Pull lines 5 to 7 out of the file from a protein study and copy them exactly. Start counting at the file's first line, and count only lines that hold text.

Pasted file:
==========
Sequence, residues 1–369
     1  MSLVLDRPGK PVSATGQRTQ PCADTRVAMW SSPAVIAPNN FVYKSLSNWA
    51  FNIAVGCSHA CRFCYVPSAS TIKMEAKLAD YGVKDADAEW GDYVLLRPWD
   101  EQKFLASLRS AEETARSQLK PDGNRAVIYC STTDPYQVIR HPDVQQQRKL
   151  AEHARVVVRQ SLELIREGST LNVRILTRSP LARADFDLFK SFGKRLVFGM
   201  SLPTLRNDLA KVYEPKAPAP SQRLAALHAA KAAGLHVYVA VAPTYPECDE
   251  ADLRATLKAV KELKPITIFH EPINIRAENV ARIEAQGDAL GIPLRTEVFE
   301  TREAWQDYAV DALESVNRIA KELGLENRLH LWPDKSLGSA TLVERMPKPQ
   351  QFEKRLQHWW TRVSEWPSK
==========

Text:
   151  AEHARVVVRQ SLELIREGST LNVRILTRSP LARADFDLFK SFGKRLVFGM
   201  SLPTLRNDLA KVYEPKAPAP SQRLAALHAA KAAGLHVYVA VAPTYPECDE
   251  ADLRATLKAV KELKPITIFH EPINIRAENV ARIEAQGDAL GIPLRTEVFE